Jump to content
Mr.Beer Community
Sign in to follow this  
Nightwulf1974

Not enough priming sugar for Weizenbock and what to do...

Recommended Posts

 
 
DefaultExtremely fast carbonation and under priming?
 

 
Hey all,

I just bottled a 5 gallon batch of an AIH Perfekt Weizenbock. Using the calculator on Screwy Brewer, it calls for C02 volumes to be 3.71 to 4.74 for a German style Weizenbock. I didn't put anywhere near that amount. I must have been looking at a different style by accident or had too much homebrew and I only used about 8.5 Tbs. of Glucose with the last Tbsp. or so being brown sugar as I ran out of the latter.  I also now realized that I followed a prior recommendation of priming sugar for a Robust Porter I just finished conditioning and putting in the fridge that called for 3.5 oz. which I believe equates to around 7 Tbs of sugar. 

To even hit 3.7 @4.5 gallons with a temp of 70F, I would have needed to used around 15 Tbs. I only used around 1/2 that amount. I am not keen on recapping or wanting to open the bottles and even attempt to add more sugar. The thing is, I was moving some of the PET bottles I used to bottle and today (2 days after) they were ROCK HARD. I don't even see how they could be this hard in just a few days considering I only used 1/2 of the recommended amount of sugar for this style, but with only 5 batches or so under my belt I'm still learning....

Before anyone asks, my beer fermented out completely, sitting in primary for 3 weeks. The final gravity was 1.016, just as the recipe called for so I know I didn't have any unfermentables going into bottling. The OG was 1.068 or so.

So now my questions are:

1. Is the hardness at just a few days in the PET bottles representative of carbing this quick?

2. Is my beer going to taste flat per it's style since I only used about 1/2 of what is recommended?

3. Should I even try to add more sugar and recap or is that a big no-no and not to be messed with?

FWIW, my Robust Porter I just got done with and conditioning for a month and refrigerated only had about the same amount of sugar (8-8.5 Tbs) and it is perfect, just carbed enough for a nice dark beer.  It's disappearing fast. 

This is my first wheat beer and it tasted phenomenal prior to bottling, but now I'm now worried it's going to be under carbonated. 

If anyone can chime in, I'd appreciate it.

Thanks!

Share this post


Link to post
Share on other sites

I put at most 130 grams of table sugar which is 26 teaspoons or just under 9 tablespoons.  It will be fine.

Share this post


Link to post
Share on other sites
1 hour ago, RickBeer said:

I put at most 130 grams of table sugar which is 26 teaspoons or just under 9 tablespoons.  It will be fine.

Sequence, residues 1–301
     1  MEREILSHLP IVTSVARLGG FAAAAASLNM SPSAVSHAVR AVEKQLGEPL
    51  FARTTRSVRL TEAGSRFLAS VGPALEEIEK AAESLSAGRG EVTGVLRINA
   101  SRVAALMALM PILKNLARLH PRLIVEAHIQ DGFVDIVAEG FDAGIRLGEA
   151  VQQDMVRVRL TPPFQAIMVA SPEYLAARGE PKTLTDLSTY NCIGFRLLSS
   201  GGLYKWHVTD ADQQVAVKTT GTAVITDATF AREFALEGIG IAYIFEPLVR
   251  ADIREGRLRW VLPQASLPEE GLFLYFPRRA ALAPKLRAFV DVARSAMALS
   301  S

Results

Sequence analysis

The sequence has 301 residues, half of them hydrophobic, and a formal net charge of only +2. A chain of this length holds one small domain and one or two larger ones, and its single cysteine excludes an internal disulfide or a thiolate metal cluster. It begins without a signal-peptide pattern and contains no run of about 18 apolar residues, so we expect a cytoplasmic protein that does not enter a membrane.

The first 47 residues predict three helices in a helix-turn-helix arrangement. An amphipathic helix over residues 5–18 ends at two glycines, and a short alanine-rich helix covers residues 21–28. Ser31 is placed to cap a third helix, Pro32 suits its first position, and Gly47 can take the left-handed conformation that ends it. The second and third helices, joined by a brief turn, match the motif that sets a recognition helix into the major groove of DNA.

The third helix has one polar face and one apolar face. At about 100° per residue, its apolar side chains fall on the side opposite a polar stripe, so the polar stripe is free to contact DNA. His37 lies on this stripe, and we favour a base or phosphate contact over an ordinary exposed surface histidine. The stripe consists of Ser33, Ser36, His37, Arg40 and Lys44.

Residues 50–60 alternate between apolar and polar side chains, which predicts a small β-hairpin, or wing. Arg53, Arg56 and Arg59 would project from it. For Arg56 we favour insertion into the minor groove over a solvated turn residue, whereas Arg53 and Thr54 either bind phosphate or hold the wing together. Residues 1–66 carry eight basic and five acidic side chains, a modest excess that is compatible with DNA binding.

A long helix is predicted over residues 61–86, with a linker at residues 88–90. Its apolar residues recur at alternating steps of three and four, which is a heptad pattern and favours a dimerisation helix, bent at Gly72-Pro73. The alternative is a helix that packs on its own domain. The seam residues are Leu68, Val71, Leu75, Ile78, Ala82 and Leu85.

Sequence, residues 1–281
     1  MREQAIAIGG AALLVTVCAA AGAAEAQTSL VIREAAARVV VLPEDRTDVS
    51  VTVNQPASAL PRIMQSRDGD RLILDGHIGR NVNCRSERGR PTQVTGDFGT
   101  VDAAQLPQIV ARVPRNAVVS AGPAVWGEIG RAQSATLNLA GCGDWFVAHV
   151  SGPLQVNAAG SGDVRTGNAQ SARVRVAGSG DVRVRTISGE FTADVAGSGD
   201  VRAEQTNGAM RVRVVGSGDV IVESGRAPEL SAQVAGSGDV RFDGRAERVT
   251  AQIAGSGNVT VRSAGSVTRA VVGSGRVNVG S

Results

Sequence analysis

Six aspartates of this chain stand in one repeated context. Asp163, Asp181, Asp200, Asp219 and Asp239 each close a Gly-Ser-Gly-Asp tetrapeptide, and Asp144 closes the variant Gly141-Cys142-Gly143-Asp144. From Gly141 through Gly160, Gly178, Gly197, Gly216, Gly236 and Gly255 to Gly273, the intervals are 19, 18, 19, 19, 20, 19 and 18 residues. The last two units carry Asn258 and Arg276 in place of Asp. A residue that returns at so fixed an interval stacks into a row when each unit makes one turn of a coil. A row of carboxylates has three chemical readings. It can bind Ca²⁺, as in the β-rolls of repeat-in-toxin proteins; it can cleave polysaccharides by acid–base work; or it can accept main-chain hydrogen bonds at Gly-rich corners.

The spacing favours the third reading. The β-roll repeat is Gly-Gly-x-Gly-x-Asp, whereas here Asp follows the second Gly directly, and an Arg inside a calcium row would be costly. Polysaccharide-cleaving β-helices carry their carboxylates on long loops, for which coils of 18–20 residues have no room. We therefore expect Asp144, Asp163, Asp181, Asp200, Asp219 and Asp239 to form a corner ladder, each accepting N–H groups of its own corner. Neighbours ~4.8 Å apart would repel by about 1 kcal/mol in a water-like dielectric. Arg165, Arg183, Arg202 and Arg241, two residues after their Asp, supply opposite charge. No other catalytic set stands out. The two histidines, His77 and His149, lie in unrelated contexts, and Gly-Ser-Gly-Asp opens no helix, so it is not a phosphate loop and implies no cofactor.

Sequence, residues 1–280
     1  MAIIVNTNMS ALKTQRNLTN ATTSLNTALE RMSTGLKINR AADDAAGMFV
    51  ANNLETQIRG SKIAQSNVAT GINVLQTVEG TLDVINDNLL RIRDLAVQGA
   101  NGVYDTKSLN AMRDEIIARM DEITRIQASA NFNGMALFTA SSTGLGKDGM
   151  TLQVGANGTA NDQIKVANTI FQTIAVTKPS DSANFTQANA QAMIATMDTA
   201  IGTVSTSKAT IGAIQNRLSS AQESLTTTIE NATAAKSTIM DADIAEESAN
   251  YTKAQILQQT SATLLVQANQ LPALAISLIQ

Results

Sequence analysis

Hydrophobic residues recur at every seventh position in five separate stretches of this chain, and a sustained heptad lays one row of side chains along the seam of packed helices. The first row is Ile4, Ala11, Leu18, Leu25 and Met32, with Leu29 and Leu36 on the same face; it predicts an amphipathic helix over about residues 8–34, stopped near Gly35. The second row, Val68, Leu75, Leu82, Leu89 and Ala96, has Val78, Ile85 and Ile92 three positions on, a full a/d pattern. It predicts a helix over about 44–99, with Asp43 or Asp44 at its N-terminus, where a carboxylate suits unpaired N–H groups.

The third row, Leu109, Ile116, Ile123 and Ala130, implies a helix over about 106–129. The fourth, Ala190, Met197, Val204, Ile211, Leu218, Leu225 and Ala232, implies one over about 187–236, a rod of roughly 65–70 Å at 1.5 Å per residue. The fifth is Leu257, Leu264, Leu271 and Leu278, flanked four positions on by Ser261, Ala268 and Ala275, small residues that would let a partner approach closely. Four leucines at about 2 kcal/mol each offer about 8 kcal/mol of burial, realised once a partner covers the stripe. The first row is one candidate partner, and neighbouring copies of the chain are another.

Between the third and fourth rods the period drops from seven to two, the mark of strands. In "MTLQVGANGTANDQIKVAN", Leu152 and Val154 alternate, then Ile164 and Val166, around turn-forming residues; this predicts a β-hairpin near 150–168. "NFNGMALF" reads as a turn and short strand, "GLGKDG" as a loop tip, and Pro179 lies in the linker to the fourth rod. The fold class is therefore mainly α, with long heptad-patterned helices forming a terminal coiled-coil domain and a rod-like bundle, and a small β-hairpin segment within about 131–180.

I just find it weird that this type of beer has such a higher range of C02 volume, and in fact is listed as the HIGHEST carbonated beer on Screwy Brewer.  Anyways, I'll leave it alone and I appreciate your feedback.  On a related note, do you always use the same amount of priming sugar regardless of style?  Have you brewed wheat beers with similar success? 

Share this post


Link to post
Share on other sites

I use between 90 and 130 grams per 5 gallon batch depending on style.  Low end is Porter, Stout.  High end is Wheat, Brown.

Share this post


Link to post
Share on other sites
33 minutes ago, RickBeer said:

I use between 90 and 130 grams per 5 gallon batch depending on style.  Low end is Porter, Stout.  High end is Wheat, Brown.

 

Well sounds like a case of RDWHAHB is in order. 

  • Like 1

Share this post


Link to post
Share on other sites

I carbed exactly one batch at 4.0 CO2.  It was waaaaaaaay too much carbonation.  style is style, and I understand that certain beers have a generally higher carbonation than other beer styles, but 4.0 or above is just too much.  I pretty much vary between 1.7 and 2.5 now.  YMMV.  

  • Like 1

Share this post


Link to post
Share on other sites
3 hours ago, cowboykyle said:

I carbed exactly one batch at 4.0 CO2.  It was waaaaaaaay too much carbonation.  style is style, and I understand that certain beers have a generally higher carbonation than other beer styles, but 4.0 or above is just too much.  I pretty much vary between 1.7 and 2.5 now.  YMMV.  

 

Yeah, 4.0 is pretty damn high...lol. The only beers that benefit from such a high carbonation would be saisons, some wheat beers, and ciders.

Share this post


Link to post
Share on other sites

Create an account or sign in to comment

You need to be a member in order to leave a comment

Create an account

Sign up for a new account in our community. It's easy!

Register a new account

Sign in

Already have an account? Sign in here.

Sign In Now
Sign in to follow this  

×
×
  • Create New...